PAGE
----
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OK, we all know that stainless steel isn't made all the same, but a visit to the Rolex dealership had me wondering. I was checking out the Submariner and the salesman was telling me how the grade of stainless steel used on the newer watches is higher, tougher and more durable than what's normally used on watches. Not sure if she was BSing. If not, then is this a new stainless steel material that Rolex is implementing (on Subs), and if so, is Omega implementing something similar? I've had a number of stainless steel watches in the past (Omegas but not Rolex) and they've all had scratches from daily wear. Nothing out of the usual. Just wondering if this "higher grade" stainless steel the Rolex salesman claims is more resistant to scratches, or just a marketing gimmick. Or if it's even true.
 

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Yes it is different. Rolex uses 904L and most brand use 316L. 904L is harder and has better corrosion resistance. I think it is 3 times the cost of 316L.
 

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For the most part, it is a marketing gimmick. Omega, like most watches, uses 316L stainless, which has proven very durable for watches. Rolex (which, incidentally, owns its own foundry, hence its fascination with esoteric alloys) switched a few years back to 904L stainless. The main advantage of 904L is it has a higher resistance to corrosion in a salt water environment. That said, since I rinse my dive watches after every underwater use, I have never seen any corrosion on a 316L watch, even after years of use and scores of dives.

There are a lot of reasons to buy a Rolex, but the "superiority" of 904L is not really one of them.
 

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A buddy of mine has a 2002 Submariner. I'm not sure if his model has 904L steel. But what I do know is that his Rolex has less scratches on the case and bracelet than my 2012 PO8500... (and he hasn't had it serviced or polished as of yet...)
 

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It's corrosion not overall hardness.

That just means he treats his Watches better :)
 
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My understanding is that 904L is similar in hardness to 316L, however it is considerably more corrosion resistant. I also believe it is more polishable.

Some may call this a marketing gimmick, but luxury watches are all about marginal improvements, 904L is an improvement. How significant an improvement is debatable, but the benefits of 904L over 316L would be more important and useful to me than say additional depth rating beyond 300m.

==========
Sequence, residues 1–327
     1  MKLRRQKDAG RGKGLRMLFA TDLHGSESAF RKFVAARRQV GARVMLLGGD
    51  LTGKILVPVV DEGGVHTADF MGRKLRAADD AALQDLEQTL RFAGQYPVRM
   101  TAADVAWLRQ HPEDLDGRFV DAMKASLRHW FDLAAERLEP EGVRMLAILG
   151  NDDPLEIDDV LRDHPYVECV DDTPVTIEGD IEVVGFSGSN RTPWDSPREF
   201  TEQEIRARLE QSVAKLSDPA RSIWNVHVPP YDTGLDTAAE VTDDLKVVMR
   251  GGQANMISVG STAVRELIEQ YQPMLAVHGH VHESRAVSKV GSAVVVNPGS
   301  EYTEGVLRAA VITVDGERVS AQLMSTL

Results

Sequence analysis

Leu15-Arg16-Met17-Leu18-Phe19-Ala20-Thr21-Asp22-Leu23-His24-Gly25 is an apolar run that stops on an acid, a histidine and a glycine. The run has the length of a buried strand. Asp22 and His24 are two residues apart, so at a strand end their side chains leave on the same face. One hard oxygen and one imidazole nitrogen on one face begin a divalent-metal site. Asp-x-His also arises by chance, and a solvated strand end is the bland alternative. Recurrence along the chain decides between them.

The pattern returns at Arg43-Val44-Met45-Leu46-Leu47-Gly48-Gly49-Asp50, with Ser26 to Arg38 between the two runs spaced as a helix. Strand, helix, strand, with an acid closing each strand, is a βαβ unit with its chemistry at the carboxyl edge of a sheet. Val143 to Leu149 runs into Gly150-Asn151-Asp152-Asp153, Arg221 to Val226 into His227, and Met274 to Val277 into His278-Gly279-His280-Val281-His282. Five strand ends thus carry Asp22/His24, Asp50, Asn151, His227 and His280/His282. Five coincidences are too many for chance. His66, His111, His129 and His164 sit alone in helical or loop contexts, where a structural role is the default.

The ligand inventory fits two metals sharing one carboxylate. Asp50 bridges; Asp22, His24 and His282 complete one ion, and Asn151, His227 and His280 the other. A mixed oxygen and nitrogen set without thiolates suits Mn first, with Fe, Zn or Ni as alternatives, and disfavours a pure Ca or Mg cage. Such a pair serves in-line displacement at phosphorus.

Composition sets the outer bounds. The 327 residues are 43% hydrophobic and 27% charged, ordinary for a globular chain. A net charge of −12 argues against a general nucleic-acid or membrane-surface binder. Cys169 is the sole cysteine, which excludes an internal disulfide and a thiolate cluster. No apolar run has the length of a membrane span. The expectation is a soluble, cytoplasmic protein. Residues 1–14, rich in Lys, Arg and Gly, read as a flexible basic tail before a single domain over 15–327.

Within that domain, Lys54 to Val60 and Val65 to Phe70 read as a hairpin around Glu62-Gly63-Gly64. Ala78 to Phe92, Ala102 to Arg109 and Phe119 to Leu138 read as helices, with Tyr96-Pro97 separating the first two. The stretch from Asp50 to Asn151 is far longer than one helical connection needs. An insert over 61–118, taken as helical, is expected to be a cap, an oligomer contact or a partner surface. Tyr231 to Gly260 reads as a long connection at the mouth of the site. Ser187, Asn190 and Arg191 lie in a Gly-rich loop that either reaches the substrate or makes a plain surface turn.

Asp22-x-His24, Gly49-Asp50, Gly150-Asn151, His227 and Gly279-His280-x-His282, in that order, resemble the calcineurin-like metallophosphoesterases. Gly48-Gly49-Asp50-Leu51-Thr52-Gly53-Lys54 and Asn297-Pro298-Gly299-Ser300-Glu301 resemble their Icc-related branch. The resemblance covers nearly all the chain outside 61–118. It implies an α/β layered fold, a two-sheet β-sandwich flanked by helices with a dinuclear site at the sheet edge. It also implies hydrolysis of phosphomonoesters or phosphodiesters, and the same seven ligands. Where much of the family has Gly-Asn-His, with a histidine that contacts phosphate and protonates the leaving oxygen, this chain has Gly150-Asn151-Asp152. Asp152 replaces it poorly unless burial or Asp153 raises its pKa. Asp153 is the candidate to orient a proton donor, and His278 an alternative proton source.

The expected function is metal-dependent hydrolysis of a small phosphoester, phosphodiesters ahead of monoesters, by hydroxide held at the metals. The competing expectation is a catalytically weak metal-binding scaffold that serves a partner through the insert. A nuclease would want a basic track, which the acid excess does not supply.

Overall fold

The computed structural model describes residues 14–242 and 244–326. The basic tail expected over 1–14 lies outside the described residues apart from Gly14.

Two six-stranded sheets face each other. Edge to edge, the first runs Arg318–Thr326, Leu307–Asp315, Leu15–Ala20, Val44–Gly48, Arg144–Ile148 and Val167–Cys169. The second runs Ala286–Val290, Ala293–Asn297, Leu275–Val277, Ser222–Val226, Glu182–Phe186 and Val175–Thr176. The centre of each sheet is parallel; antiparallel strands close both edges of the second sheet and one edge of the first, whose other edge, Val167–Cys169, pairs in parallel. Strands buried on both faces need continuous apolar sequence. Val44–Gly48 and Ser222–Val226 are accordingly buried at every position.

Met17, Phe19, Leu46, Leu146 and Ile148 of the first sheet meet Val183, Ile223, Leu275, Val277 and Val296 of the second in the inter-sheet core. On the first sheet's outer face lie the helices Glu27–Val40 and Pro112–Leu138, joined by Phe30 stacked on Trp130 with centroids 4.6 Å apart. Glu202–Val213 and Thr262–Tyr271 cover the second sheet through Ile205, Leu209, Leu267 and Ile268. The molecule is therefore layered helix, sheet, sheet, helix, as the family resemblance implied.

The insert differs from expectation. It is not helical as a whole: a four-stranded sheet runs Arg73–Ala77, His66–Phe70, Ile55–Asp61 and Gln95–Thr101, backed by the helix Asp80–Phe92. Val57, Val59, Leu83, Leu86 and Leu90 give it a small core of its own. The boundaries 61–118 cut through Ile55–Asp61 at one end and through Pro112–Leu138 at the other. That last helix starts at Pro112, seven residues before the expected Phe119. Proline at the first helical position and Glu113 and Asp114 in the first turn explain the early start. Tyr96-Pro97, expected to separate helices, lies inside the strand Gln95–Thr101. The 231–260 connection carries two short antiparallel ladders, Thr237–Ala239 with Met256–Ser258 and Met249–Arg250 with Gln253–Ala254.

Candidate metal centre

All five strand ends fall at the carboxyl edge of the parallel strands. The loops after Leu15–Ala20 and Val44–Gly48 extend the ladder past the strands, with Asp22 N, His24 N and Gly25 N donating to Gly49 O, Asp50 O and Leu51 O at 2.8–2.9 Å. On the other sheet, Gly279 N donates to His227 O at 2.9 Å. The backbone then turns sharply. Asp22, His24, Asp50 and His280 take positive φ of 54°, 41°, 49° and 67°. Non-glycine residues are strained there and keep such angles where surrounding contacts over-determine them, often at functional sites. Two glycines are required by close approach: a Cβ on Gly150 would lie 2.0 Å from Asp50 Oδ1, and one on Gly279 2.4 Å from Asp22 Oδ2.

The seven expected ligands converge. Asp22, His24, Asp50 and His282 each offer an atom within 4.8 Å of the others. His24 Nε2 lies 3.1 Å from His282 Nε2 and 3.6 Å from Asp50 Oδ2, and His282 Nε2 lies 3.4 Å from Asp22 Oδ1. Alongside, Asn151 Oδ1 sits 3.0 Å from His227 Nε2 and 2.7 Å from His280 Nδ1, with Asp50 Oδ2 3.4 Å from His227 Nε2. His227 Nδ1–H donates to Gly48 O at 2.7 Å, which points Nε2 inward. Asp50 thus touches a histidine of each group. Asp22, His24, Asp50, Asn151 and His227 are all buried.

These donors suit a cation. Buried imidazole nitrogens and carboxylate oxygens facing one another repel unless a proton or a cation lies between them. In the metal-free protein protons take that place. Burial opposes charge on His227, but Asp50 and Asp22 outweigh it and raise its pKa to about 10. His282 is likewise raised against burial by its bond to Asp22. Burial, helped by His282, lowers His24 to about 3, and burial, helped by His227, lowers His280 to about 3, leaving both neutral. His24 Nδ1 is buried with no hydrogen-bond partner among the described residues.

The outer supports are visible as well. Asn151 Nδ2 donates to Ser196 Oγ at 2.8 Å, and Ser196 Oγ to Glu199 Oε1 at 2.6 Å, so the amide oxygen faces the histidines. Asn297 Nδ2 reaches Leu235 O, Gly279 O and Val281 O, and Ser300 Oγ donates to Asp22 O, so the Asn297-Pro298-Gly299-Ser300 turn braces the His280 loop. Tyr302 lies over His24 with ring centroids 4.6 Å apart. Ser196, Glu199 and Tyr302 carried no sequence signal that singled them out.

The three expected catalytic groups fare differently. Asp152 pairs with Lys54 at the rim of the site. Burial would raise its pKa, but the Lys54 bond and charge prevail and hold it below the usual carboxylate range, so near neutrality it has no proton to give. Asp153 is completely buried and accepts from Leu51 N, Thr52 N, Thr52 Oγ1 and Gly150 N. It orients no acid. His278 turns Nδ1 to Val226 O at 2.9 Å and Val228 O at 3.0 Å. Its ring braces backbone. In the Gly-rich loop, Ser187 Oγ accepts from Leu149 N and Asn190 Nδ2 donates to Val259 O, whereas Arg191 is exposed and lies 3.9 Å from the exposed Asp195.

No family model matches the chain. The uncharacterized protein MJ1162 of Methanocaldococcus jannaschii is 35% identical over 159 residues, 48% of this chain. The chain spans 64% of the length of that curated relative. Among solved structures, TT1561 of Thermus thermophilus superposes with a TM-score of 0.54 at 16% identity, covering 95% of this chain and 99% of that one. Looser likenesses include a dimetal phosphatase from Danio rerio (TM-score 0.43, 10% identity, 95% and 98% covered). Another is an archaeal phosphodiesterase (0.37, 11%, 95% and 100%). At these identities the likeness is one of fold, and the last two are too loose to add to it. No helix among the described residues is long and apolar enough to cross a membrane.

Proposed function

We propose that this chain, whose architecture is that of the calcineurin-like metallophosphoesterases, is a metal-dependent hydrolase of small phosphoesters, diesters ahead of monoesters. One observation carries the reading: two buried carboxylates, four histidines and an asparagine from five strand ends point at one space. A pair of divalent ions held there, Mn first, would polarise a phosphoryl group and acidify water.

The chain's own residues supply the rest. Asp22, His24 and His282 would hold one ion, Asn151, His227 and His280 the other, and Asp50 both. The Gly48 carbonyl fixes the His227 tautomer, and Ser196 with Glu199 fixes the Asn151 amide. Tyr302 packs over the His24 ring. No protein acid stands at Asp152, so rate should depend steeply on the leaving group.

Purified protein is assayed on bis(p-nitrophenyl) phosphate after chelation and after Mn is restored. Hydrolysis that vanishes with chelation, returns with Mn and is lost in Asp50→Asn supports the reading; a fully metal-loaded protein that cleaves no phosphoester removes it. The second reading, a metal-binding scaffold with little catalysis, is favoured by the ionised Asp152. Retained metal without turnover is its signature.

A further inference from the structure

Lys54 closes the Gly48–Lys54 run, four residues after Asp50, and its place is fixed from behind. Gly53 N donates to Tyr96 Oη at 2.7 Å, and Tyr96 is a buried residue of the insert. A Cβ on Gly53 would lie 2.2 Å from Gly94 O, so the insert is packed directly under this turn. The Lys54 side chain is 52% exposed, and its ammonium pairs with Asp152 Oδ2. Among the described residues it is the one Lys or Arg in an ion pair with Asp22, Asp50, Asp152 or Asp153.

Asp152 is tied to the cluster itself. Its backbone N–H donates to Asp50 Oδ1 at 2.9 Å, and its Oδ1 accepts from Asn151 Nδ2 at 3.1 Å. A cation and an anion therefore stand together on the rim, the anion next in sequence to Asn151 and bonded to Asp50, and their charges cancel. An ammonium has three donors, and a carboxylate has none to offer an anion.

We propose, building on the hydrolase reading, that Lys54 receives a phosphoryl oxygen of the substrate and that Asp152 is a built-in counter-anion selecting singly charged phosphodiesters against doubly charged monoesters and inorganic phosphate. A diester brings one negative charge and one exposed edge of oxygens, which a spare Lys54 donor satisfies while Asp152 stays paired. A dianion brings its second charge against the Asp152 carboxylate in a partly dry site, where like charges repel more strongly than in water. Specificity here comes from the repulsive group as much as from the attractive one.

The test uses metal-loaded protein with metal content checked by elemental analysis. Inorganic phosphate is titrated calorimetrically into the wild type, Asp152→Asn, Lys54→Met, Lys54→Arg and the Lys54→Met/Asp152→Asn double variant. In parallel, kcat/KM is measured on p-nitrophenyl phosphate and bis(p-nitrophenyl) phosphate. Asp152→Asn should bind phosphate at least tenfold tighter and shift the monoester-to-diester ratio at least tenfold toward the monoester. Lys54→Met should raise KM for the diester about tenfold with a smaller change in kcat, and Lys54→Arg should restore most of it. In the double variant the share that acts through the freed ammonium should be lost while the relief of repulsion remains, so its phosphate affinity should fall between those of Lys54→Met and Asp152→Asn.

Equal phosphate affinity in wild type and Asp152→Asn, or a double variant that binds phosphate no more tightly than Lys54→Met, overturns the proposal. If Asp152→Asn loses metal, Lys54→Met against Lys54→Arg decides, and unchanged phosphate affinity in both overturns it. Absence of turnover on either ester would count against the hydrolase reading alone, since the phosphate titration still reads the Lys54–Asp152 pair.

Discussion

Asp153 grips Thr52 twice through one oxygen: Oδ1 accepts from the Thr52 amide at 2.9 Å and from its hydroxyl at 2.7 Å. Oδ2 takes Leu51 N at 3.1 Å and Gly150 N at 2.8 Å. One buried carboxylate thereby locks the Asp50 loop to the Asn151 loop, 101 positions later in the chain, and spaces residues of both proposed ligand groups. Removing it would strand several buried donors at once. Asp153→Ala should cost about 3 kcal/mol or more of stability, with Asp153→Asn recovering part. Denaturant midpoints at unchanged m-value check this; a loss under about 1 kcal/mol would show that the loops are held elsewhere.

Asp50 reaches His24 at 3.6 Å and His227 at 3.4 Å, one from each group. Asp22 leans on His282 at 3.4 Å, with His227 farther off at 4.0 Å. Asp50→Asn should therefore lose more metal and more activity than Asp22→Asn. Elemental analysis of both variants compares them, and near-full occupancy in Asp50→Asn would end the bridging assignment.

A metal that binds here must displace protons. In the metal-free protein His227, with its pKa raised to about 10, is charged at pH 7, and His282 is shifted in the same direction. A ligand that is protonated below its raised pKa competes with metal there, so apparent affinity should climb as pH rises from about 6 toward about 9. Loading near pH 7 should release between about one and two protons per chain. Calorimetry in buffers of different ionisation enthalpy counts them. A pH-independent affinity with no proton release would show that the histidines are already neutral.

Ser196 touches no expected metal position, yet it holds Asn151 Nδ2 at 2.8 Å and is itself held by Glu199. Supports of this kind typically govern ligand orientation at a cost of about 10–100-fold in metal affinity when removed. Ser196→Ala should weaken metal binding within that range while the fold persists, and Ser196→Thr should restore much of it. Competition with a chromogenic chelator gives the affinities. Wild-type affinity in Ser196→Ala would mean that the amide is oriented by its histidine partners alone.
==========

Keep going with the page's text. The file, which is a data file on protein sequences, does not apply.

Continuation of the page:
That said, it's no secret that I am a fan of Omega's grade 5 titanium, which is considerably harder and more scratch resistant than either of these steels, more corrosion resistant than 904L, lighter than steel, and also allows a nice polish.
 

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With regards to the grade of steel and their differences, brushed or polished, any SS surface can collect scratches easily with careful wear. I am not talking about banging your kit on the desk 35 times or scratching the lugs from strap changes; these markings are somewhat unavoidable. Instead I am speaking to the normal functions like taking hands in and out of pockets and taking off/putting on the watch repeatedly over a year or so.

The Rolex (904L) shows less of the swirly and minor scratches in my experience, especially the Rolex constructed entirely of 904. This due in part to the finishing process of 904L, producing a warmer grain structure behind that is seemingly harder to scratch.

And being that there is a higher concentration of nickel in the 904, the bracelet of a Rolex appears a bit whiter in appearance, especially when just cleaned/new. The fact that it is slightly harder and more resistant to chemicals/corrosion could be factors here, surely. But the aesthetic properties of 904L are also quite nice.

I scratched the clasp on my SubC against a sharp underside of the table's surface. When I washed the bracelet next time and dried it down with a microfiber, the marking was almost not even noticeable. I have made similar moves in the past with other SS cases/bracelets and gotten a deeper scratch.
 

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My 2012 Explorer marks as easily as my 1999 Sub and all of my Omega watches, so I suspect the scratch issue is not really an issue at all.
 

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My understanding is that 904L is similar in hardness to 316L, however it is considerably more corrosion resistant. I also believe it is more polishable.
Some may call this a marketing gimmick, but luxury watches are all about marginal improvements, 904L is an improvement. How significant an improvement is debatable
I'm not so sure, 904L is more corrosion resistant but is not as hypoallergenic than 316L due to the higher nickel used.
 

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I have noticed a lot of 316L watches from the tropics being badly pitted by sweat so I'd say its worthwhile if you live in a hot, humid climate. That said, there are other options out there. Cobalt Chromium (lum-tec), Chronidur 30 (Damasko), anything grade 5 titanium, tantalum, and of course ceramic. All of those options are superior to 904L from a corrosion resistance perspective.
 
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